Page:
Sandy Pritchard-Gordon

Sandy Pritchard-Gordon
Theatre Blog

Wednesday, 18 May 2016

The Suicide at The Lyttleton

As far as I am concerned, the best thing about The Suicide is the brilliant sporadic drumming by Sam Jones.  This is a pity, because, on paper this update of Nikolai Erdman’s subversive satire promises much.  Originally written in 1928, The Suicide was banned the Soviet authorities in 1932.  Whilst Suhayla El-Bushra’s version loosely follows the plot of the original, it can hardly be termed subversive or particularly funny.

The play centres around Sam Desai (Javone Prince) an unemployed young man who has lost his benefits and become totally disillusioned by his lot.  Dependent on the earnings of his wife and over-sexed mother-in-law with whom he lives, Sam finally decides that life is all too much and perhaps he should end it all.  Unfortunately for him, his initial tentative foray into committing suicide is filmed on a young man’s i-phone and immediately turns viral.  Oh the way our flawed modern lives are ruled by social media and that there always seems to be someone out to exploit you at every turn!  At least this is what Sam discovers when, amongst others, a creepy local politician, so called friend and trendy café owner, are desperate for him to carry out his suicide plan in order to further their own ends.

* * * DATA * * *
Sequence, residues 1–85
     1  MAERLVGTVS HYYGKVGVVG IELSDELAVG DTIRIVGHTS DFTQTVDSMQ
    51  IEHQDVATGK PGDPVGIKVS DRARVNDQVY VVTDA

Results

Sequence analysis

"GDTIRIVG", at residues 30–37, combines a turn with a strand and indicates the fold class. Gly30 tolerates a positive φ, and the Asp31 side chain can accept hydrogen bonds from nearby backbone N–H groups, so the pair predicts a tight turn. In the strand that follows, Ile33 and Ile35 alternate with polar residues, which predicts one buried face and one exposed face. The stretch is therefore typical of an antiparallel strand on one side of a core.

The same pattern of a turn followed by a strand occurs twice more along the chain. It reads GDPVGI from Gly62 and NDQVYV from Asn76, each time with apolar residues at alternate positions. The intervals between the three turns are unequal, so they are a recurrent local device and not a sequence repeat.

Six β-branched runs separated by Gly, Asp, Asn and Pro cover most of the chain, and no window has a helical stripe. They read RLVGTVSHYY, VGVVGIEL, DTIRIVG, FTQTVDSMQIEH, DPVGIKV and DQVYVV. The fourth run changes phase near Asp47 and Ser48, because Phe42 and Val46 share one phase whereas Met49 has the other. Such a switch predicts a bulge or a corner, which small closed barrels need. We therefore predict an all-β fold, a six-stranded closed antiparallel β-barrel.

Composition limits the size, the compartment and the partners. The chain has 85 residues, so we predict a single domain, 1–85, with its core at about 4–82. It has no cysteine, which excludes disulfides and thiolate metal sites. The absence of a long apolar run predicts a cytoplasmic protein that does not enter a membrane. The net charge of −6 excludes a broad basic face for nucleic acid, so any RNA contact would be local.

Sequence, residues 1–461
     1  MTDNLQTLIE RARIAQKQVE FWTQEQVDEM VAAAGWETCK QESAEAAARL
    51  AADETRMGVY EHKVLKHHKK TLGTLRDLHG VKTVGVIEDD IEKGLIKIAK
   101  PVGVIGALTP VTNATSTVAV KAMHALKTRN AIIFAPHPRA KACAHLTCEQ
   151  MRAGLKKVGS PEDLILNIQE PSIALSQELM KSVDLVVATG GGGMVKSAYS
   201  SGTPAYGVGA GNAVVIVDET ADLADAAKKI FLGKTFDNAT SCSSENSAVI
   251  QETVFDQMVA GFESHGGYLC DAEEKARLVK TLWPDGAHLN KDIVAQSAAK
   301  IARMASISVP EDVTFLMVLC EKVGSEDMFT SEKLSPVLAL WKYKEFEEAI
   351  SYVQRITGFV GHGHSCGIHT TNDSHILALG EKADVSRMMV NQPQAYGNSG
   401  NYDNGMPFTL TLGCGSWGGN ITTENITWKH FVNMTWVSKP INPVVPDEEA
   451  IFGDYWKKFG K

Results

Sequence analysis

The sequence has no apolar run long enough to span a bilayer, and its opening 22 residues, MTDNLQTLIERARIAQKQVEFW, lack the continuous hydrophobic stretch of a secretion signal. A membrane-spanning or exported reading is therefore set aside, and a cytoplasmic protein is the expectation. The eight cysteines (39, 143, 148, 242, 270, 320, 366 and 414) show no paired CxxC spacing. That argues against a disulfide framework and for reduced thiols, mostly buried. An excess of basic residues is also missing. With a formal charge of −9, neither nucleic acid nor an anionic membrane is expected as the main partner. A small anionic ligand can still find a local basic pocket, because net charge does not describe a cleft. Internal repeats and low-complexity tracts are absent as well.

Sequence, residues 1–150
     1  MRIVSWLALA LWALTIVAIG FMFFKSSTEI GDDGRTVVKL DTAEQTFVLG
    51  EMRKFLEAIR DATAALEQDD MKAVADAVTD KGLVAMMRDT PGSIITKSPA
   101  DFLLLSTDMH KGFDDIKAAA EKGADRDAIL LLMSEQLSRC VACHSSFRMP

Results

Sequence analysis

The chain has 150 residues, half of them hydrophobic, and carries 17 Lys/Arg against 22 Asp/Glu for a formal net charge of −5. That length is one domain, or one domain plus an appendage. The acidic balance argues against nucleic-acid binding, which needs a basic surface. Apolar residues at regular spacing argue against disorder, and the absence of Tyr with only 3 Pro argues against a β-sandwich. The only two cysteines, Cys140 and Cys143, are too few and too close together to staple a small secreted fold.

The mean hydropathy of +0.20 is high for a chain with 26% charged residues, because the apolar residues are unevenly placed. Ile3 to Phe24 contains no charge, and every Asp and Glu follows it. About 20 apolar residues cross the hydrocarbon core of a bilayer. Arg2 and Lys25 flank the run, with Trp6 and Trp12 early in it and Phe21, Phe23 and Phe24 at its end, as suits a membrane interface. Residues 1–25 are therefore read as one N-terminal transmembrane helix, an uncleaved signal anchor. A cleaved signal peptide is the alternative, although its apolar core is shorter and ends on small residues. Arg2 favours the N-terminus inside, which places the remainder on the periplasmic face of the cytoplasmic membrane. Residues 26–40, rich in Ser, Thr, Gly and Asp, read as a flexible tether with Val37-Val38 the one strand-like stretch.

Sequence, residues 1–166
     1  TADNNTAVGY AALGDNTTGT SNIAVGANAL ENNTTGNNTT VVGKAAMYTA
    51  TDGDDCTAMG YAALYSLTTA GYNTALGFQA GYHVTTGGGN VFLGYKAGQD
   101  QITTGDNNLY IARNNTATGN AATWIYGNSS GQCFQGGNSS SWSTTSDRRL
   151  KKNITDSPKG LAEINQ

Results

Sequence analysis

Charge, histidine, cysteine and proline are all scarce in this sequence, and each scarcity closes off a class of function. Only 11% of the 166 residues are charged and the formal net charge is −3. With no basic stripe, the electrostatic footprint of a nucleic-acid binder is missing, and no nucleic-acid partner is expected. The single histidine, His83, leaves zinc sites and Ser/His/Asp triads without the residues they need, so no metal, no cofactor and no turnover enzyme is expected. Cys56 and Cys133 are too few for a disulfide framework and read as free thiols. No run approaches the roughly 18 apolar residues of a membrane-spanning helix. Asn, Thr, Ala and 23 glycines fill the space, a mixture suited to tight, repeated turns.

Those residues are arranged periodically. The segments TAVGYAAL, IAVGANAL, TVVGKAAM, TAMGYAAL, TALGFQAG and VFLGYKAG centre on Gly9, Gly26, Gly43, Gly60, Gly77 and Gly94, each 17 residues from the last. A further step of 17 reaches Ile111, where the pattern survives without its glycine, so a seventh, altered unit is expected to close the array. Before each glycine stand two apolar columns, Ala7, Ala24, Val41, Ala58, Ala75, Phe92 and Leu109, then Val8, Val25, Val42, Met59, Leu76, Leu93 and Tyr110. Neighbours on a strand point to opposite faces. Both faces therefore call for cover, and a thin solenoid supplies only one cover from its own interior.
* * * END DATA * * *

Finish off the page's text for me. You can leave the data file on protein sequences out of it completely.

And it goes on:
Highlighting the falseness of much of our society, Nadia Fall’s production tries way too hard to be funny, clever and shocking.  As a result it is only amusing in places and in others resembles a runaway horse.  Act Two in particular is a rather shambolic, hammy affair.
Only two actors really deliver a truthful interpretation of their characters; Paul Kaye as the hip film maker and Ashley McGuire’s droll mother-in-law.  At one point she is brave enough to be viewed in all her naked glory ….. the point being?  To be honest I really don’t know apart from using it as a cheap joke.

Actually I don’t know the point of any of it.  Hopefully someone else will come along, use the concept of the original Suicide, ditch the “bells and whistles” and end up with a proper satirical indictment of what is wrong with our modern society.  Until then the cast of this version are suffering an uphill struggle.

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